First, we must not make inequality worse through new tax cuts for the wealthy. The proposed Trump tax cuts, as currently designed, would grow top 1 percent fortunes and do little to reduce the ranks of America’s “underwater nation.”
Second, we need to implement policies to reduce concentrated wealth. Inequality will continue to widen unless we intervene directly to reduce grand concentrations of private wealth. By taxing our wealthiest households, we could raise significant revenues and then invest these funds to expand wealth-building opportunities across the economy. We could also broaden the distribution of America’s wealth by encouraging employee ownership, matching savings programs, and similar initiatives.
President’s 2017 budget bolsters support for working families
Labor Secretary Perez: ‘Investments to ensure America’s economy works for everyone’
WASHINGTON – U.S. Secretary of Labor Thomas E. Perez today released the president’s 2017 budget for the Department of Labor, which supports the president’s plan to train workers for the jobs of the future and bolster the economic and retirement security of working families.
“This budget makes investments to ensure that America’s economy works for everyone. It reflects our optimism about the future and our commitment to creating broadly shared prosperity,” Perez said. “The president’s budget envisions a future with greater opportunity for all – a future where a full-time job pays a living wage, where working families have the support they need to survive and thrive and where retirements are secure.”
The Fiscal Year 2017 president’s budget for the department includes $ 12.8 billion in discretionary funding, along with new, dedicated mandatory funds. It builds on seven years of investments in job creation, economic growth, and the strengthening of the middle class.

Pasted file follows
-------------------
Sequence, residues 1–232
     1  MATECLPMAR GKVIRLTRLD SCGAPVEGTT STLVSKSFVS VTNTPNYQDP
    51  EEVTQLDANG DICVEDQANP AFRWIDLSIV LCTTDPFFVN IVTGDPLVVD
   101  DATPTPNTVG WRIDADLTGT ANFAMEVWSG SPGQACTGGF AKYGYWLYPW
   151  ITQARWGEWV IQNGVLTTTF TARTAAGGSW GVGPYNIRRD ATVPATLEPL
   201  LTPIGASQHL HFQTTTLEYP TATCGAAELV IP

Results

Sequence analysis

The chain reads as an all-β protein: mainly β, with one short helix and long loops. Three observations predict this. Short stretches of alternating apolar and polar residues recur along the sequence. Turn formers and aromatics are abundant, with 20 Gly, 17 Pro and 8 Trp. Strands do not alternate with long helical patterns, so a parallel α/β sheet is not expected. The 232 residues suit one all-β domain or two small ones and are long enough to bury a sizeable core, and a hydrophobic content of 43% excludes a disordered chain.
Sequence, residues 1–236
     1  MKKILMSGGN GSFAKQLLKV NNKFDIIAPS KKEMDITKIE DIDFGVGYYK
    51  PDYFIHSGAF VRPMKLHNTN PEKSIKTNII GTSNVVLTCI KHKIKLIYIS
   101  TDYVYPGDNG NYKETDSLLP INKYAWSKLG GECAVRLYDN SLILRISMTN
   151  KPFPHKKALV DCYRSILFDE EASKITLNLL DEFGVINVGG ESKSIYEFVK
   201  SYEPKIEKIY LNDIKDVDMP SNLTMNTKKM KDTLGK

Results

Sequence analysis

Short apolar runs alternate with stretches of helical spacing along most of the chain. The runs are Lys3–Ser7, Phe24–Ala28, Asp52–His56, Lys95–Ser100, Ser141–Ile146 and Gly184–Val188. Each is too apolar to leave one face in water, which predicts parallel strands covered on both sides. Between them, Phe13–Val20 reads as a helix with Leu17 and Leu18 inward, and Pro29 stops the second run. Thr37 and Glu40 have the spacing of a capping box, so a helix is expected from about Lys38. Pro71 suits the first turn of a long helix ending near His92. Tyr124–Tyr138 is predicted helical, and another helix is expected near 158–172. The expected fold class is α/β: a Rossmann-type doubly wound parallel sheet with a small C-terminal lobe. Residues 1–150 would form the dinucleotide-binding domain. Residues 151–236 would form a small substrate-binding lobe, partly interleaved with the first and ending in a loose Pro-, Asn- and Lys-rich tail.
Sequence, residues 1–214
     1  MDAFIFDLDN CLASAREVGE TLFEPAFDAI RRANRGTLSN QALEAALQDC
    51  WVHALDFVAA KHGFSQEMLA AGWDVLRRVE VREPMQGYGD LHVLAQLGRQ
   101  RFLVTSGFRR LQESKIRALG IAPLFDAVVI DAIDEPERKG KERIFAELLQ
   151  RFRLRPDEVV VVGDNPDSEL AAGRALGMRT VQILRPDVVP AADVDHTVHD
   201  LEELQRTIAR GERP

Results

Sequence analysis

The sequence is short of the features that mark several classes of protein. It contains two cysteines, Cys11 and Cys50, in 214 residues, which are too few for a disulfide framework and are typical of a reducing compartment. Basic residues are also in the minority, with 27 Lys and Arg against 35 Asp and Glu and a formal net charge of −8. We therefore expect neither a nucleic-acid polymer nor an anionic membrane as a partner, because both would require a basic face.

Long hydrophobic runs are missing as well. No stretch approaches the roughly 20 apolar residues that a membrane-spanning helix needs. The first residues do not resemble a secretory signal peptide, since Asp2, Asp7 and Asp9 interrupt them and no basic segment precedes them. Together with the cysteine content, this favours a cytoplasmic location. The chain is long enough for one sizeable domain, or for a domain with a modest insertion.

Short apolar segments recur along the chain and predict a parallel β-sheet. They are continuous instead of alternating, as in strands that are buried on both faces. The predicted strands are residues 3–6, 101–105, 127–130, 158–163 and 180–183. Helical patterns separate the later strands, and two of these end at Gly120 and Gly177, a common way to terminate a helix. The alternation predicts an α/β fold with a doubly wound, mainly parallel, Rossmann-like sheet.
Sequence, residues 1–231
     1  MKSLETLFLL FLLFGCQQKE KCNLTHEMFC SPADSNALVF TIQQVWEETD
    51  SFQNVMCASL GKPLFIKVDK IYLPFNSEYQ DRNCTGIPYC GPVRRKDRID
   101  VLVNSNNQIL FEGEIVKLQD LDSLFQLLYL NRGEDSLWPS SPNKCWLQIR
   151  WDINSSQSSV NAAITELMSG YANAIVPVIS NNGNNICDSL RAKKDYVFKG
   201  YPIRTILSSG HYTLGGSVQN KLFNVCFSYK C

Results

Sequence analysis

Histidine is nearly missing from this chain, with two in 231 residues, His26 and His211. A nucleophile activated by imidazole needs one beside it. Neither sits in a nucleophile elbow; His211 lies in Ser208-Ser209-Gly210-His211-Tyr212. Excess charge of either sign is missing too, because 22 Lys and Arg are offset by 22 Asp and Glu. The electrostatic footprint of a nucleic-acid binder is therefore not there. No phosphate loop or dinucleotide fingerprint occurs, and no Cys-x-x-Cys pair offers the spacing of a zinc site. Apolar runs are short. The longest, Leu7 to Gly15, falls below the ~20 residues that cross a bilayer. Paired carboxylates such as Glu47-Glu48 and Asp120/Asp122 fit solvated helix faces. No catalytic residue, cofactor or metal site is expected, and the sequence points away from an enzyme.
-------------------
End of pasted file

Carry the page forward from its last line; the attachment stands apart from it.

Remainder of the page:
The budget fully supports the president’s plan for a job-driven training system that provides a pipeline of highly skilled workers to help the economy grow. The budget reinforces the department’s commitment to apprenticeships, sustaining the $ 90 million in grants provided in 2016, and adding a $ 2 billion mandatory Apprenticeship Training Fund. These investments will help meet the president’s goal to double the number of apprentices across the nation, giving more workers the opportunity to develop job-relevant skills while they are earning a paycheck. The budget also creates an American Talent Compact, providing $ 3 billion in mandatory funds that will get a half-million people trained and into high-demand jobs through regional partnerships between workforce boards, employers, community colleges and other organizations.
The budget provides $ 1.5 billion in mandatory funding to states to fund Career Navigators in American Job Centers to reach out to unemployed and underemployed Americans and help them find jobs, match them with appropriate training programs, and connect them to supportive services, using best-in-class data and tools to inform their recommendations. The budget also establishes a $ 500 million mandatory Workforce Data Science and Innovation Fund to make the foundational investments needed to develop and refine those job-matching tools. The budget also seeks to open doors for youth by investing $ 5.5 billion in mandatory funds in year-round and summer paid opportunities and by launching competitive grant programs to create educational and workforce pathways for disconnected youth.
The budget drives forward reforms in the bipartisan Workforce Innovation and Opportunity Act. The budget helps to realize the law’s goals by funding the core WIOA formula grants at their fully authorized level – a $ 138 million increase – and giving the department and the states the funding they need to oversee and implement the extensive changes envisioned in the law. This includes a $ 40 million investment to build state and local capacity to track the employment and educational outcomes of WIOA program participants, and give those seeking training meaningful information so they can make good choices about which programs will best prepare them for the labor market.